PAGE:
see2think

thinking with pictures


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golden hour, blue hour, gray hour, night

fading light Sunday after 4:30, central Echizen City

fading light Sunday after 4:30, central Echizen City

For some reason the fading light of the evening beckoned and rather than climb the steps and make supper, I set off for a walk to the riverside and enjoyed the cool November air and the rising north breeze. Street lights began to shine, headlamps on the cars came on, and the dusk deepened. What is it about the day’s changing light toward the evening (or in reverse order: night to gray, to blue, to golden at sunrise) that is so appeals to emotional response? The time when the sun is low in the sky and the light temperature shifts to the warmer tones seems to amplify and intensify the colors alone and against each other, the shadows are sharpened and darkened, too. As the golden hour gives way to the blue hour with its cooler light tones, it is the opposite effect to the golden hour. Now the reduced range of colors makes those remaining colors seem precious; or at least they seem different to the normal look of broad daylight. Even a familiar location takes on an unfamiliar look in this light. Then the last of the colors become even more muted until the light values that define shapes and relative distances is something like grayscale. Now the full night is not far away, so something magical happens – the boundary between history and the ordinary daily life of the present tense blurs a little. The leap of imagination to step into the past or the future is a small jump. It takes just a little effort to imagine the time has changed. The line between the living and dead thins in the quickly passing twilight as night takes over. What is the attraction of night photography?.Using a tripod changes the pace and length of exposures that now is possible, thus producing images different to ones quickly composed and captured. And the extreme lighting of artificial source versus unlit adjacent space means that point-source light is clearly defined, individual, palpable and 3-dimensional (unlike the all surrounding direct sunlight and indirect sky reflection). All together then the 2 hour span from Golden to Blue to Gray to Night provides a seamless stream of changing light conditions, each of which has appeals on its own. But when taken back to back, it is a feast for the eyes in four courses!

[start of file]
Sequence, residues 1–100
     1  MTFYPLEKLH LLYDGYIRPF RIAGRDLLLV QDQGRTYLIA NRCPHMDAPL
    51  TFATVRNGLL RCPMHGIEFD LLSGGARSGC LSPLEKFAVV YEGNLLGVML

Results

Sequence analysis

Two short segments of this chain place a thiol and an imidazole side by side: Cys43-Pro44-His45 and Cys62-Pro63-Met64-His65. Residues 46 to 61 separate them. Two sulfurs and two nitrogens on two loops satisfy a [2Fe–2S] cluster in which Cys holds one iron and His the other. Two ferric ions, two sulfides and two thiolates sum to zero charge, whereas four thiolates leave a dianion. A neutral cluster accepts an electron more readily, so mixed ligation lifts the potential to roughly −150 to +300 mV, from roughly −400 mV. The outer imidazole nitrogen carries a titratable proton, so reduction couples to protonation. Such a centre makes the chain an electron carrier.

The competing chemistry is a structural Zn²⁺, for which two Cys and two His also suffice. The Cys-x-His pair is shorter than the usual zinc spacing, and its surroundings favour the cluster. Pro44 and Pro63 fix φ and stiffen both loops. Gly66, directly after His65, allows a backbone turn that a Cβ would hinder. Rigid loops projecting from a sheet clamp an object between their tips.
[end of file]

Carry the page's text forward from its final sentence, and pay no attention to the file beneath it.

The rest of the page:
rearview: On the importance of hindsight

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rearview: On the importance of hindsight

Southbound on the springtime highway and alert to Whitetail deer invading the road at the twilight hour, I checked my sideview mirror for other drivers on the road and there caught sight of the evening glow and the shine of the car’s body. Some colors shifted in the weak warm color-balanced light. The lesson here is the to not only look for photo opportunities that may lie in front of you, but also to look with equal care to left, right, bottom, up, and even behind. Photos may present themselves for capture in unexpected places, time, or angles. So it makes sense to carry a small camera at all times and to look in the opposite direction to one’s ostensible subject.